There is now in effect in the United Kingdom a National Living Wage and National Minimum Wage for those under 25.

This is the minimum amount of gross pay per hour that an employer must pay an employee depending upon their age.

National Living wage for workers over 25

is £7.20 per hour

National Minimum Wage – People aged 21 to 24
must be paid at least £6.95 per hour

National Minimum Wage – Between the ages of 18 and 20
an employee must be paid at least £5.03 per hour

National Minimum Wage – Under 18
an employee must be paid at least £4.00 per hour

National Minimum Wage – Apprentices
an apprentice must be paid £3.40 per hour

The remuneration being received by an employee will be made up of many items such as a basic wage, bonuses, incentives, in some cases accommodation, clothing allowances, shift allowances etc. What is allowed and what is not allowed in calculation of the basic minimum wage is dependent on each case and expert advice should be sought.

The hours for which the employer must pay at least the national minimum wage are calculated differently according to the type of work done. There are four types of work:

  • Employees paid for working a set number of hours, or a set period of time, are doing timework
  • Employees who have a contract to work for a set number of basic hours each year in return for an annual salary paid in equal instalments (for example each week or each month), are doing salaried hours work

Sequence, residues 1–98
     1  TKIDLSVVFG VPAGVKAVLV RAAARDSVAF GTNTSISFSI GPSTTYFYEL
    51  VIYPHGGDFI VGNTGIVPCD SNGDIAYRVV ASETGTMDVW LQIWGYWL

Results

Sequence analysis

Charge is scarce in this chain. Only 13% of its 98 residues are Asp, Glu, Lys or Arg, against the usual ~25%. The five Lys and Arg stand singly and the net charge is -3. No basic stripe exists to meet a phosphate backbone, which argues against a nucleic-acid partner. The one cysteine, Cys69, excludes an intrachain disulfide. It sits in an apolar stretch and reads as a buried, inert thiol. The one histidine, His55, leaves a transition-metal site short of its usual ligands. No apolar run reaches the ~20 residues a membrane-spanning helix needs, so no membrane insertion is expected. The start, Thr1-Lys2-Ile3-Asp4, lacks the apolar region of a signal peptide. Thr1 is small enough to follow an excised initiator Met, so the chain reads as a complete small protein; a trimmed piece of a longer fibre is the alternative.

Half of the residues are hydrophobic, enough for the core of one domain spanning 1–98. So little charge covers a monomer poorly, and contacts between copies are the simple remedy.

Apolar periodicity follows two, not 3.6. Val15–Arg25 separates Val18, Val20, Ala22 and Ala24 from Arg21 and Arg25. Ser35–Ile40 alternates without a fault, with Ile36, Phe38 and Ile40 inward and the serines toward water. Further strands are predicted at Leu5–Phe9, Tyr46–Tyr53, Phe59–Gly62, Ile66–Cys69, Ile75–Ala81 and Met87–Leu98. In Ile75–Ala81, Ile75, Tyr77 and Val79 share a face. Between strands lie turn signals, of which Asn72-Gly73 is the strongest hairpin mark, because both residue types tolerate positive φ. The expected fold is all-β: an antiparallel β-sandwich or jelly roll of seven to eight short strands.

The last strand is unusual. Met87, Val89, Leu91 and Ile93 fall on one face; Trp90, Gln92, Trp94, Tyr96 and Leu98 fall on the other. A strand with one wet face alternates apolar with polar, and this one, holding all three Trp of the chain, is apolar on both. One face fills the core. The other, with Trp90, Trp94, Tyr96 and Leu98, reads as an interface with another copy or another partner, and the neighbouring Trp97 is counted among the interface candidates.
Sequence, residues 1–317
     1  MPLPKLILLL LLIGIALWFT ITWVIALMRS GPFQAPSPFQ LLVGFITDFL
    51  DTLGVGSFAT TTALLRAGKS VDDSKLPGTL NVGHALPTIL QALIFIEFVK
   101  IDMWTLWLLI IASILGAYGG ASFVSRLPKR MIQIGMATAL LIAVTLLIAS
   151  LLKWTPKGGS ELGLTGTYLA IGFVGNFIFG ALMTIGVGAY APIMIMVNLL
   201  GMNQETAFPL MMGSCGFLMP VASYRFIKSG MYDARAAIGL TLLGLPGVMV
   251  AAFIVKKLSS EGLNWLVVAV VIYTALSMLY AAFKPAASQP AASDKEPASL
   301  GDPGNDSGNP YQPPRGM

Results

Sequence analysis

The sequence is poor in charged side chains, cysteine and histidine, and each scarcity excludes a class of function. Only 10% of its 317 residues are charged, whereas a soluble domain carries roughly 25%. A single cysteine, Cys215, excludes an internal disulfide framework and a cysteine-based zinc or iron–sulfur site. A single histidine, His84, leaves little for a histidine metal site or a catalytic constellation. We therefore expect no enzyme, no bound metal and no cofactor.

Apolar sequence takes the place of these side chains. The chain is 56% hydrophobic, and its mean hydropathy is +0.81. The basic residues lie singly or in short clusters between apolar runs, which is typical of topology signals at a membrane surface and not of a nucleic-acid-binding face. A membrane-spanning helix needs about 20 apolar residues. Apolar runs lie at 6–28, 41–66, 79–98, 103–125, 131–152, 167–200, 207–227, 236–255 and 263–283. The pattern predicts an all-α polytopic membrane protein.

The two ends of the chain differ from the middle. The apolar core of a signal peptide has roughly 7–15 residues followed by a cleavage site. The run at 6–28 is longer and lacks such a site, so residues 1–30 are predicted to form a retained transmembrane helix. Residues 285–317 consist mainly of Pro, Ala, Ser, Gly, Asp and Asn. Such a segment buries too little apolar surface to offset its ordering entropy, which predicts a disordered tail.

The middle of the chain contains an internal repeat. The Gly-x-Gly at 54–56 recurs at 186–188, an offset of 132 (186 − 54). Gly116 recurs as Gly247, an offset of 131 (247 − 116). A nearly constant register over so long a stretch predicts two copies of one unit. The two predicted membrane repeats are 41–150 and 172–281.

• Employees paid according to the number of things they produce or the number of deals or sales that they make are doing output work. In this case there is an option for the employee to have a written agreement with the employer stating a ‘fair estimate’ of the number of hours they should work.
  • If the employees have to do a number of specific tasks, but do not have any set hours, they are doing unmeasured work. Again, there is an option for them to have a written agreement with their employer setting out the average number of hours they should work each day.

If an employee is entitled to the national minimum wage, the employer cannot force him/her to accept a lower rate of pay. Even if the employee has signed a contract agreeing to receive a lower rate of pay, this will have no legal effect.

If the employee thinks that he/she is being paid less than the national minimum wage, the employee has a right to see his/her records about it. As long as the employee makes his/her request in writing, the employer must by Law supply the records within 14 days. If the employer refuses to let the employee see his/her records, the employee can lodge a complaint with an Employment Tribunal (which, if it upholds the complaint, will order the employer to pay compensation equivalent to 80 hours’ pay at the minimum wage rate).

If an employer fails to pay at least the national minimum wage, a complaint can be lodged with an enforcement agency. Employees are legally protected against being sacked or victimised by employers over their entitlement to the national minimum wage and over any action they may take to enforce their rights through the Employment Tribunals.